GK Chesterton once opined that “When men choose not to believe in God, they do not thereafter believe in nothing, they then become capable of believing in anything.” Christopher Johnson, a non-Catholic who has taken up the cudgels so frequently for the Church that I have named him Defender of the Faith, gives us a perfect example:
The other day, Bob Wright, Georgia’s Episcopal pointy hat, opened a speech before some “interfaith” complete waste of time or other in this fashion:
Good afternoon. Greetings to you in the name of Yahweh the Almighty, in the name of Allah the beneficent and merciful. Greetings to you in the name of the Eternal One who gave the Buddha his great enlightenment, and in the name of the Hindus’ Supreme Being that orders the cosmos.
I guess I could thoroughly document all the ways that that’s not only wrong but actually kind of insulting to many more people than Christians. But do you know how to tell when you’re just about finished with the Episcopalians? When you read something like that and the only reaction you can come up with is to say to yourself, “Whatever, Bob. And why do you hate Zoroastrians, bigot?”
Go here to read the comments. The mindset of Mr. Wright infests many who call themselves Christians today, even within the Church. It is hard for me to convey not only how mistaken this is, but how truly evil it is. Christ and the Jews who did not follow Him gave us an example of what I mean:
 The Jews therefore said to him: Thou art not yet fifty years old, and hast thou seen Abraham?  Jesus said to them: Amen, amen I say to you, before Abraham was made, I am.  They took up stones therefore to cast at him. But Jesus hid himself, and went out of the temple.
John 8: 57-59
Jesus in this passage stated that He is God, the great I AM that revealed Himself to Moses. The Jews who did not believe Him were ready to stone Him for this blasphemy. Continue reading
Catholic Relief Services have labeled the earthquake that has left Haiti literally in ruins as the Disaster of the Century.
Let us hold fast the confession of our hope without wavering (for he is faithful that hath promised), And let us consider one another, to provoke unto charity and to good works: Not forsaking our assembly, as some are accustomed; but comforting one another, and so much the more as you see the day approaching.  For we are saved by hope.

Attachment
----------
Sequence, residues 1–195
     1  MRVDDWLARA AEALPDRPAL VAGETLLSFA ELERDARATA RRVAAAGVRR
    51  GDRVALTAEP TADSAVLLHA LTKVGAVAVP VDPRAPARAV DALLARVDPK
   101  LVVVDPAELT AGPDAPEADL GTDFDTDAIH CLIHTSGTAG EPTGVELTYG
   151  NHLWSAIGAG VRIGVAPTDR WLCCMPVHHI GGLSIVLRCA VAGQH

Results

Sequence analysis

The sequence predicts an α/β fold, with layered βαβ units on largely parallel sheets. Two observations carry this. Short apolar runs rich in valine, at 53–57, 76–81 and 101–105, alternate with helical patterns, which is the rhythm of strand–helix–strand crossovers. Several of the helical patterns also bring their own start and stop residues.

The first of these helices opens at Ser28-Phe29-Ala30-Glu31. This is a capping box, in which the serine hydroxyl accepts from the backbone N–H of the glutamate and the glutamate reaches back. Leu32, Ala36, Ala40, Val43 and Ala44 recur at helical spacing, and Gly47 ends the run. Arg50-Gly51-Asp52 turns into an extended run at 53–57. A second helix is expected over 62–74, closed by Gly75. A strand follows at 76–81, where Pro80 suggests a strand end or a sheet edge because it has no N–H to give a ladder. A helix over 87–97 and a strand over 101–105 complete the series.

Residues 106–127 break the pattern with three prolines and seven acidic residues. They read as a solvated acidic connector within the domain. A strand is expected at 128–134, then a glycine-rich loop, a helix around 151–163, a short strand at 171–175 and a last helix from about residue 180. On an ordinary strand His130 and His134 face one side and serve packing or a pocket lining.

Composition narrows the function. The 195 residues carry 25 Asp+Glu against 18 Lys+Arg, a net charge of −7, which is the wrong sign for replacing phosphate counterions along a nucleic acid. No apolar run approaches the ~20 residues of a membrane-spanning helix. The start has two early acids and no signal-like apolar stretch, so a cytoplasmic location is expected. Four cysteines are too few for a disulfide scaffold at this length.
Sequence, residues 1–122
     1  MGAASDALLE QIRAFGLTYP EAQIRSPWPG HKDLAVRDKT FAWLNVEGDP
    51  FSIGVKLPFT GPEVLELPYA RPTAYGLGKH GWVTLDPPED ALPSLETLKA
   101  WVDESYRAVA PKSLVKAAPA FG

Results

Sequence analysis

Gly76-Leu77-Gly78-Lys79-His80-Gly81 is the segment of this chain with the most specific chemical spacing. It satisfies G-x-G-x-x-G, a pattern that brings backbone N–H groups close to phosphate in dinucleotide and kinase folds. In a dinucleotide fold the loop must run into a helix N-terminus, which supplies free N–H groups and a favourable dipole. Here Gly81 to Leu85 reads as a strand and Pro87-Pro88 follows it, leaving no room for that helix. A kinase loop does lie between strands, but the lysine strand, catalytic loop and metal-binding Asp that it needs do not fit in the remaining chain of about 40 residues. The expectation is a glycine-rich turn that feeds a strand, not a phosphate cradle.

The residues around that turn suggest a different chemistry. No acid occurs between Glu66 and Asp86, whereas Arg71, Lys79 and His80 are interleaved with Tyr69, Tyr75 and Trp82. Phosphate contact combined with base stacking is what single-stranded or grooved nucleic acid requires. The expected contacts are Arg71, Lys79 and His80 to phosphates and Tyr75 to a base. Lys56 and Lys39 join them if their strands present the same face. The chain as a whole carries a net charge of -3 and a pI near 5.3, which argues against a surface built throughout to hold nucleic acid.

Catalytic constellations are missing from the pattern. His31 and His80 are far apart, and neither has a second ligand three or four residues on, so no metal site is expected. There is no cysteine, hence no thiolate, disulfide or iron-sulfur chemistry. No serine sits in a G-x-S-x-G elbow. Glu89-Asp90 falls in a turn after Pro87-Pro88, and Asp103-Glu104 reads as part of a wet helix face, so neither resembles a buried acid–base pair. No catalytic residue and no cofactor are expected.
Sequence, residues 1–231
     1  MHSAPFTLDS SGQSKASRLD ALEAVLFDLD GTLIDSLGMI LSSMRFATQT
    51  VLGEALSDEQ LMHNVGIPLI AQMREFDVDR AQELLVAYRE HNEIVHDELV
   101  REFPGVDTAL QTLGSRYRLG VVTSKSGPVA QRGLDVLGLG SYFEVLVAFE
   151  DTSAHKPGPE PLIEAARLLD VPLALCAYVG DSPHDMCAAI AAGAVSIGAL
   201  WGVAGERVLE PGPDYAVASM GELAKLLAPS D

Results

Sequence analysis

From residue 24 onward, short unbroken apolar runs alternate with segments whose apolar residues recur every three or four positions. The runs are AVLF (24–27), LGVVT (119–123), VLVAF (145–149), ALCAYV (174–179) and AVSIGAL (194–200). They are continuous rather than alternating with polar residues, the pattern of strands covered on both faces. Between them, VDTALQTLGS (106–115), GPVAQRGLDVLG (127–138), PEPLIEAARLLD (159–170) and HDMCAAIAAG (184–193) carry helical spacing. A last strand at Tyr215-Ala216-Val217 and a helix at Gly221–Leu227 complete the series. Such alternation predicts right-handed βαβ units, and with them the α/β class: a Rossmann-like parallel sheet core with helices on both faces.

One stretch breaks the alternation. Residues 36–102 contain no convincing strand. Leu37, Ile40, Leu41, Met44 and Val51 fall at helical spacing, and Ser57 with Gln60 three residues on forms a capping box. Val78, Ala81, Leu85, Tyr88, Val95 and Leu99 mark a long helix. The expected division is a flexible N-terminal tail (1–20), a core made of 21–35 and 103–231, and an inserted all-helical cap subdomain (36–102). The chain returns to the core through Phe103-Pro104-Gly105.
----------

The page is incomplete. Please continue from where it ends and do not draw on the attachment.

Hope, O my soul, hope. You know neither the day nor the hour. Watch carefully, for everything passes quickly, even though your impatience makes doubtful what is certain, and turns a very short time into a long one. Dream that the more you struggle, the more you prove the love that you bear your God, and the more you will rejoice one day with your Beloved, in a happiness and rapture that can never end. 
To help our Haitian brothers and sisters in Christ you can donate to Catholic Relief Services here.
This Christmas my local parish was something to behold. Midnight Mass began with light only from decorations on the Evergreen trees, the Priest, escorted by the Deacon and members of the local Knights of Columbus, processed through the Pews with an icon of the baby Jesus to be laid in the Manger. The entire Church was silent and it was beautiful.
As is typical of Christmas and to a lesser extent Easter Masses, the Church was full. This is an unusual circumstance for my parish, as on any typical Sunday the Church is probably half empty. In New England, people who don’t usually come to Church come to Church on Christmas. This is a disheartening aspect of Catholic life in America. Is there anything that can or should be done about it?
For unto us a child is born, unto us a son is given: and the government shall be upon his shoulder: and his name shall be called Wonderful, Counselor, The mighty God, The everlasting Father, The Prince of Peace.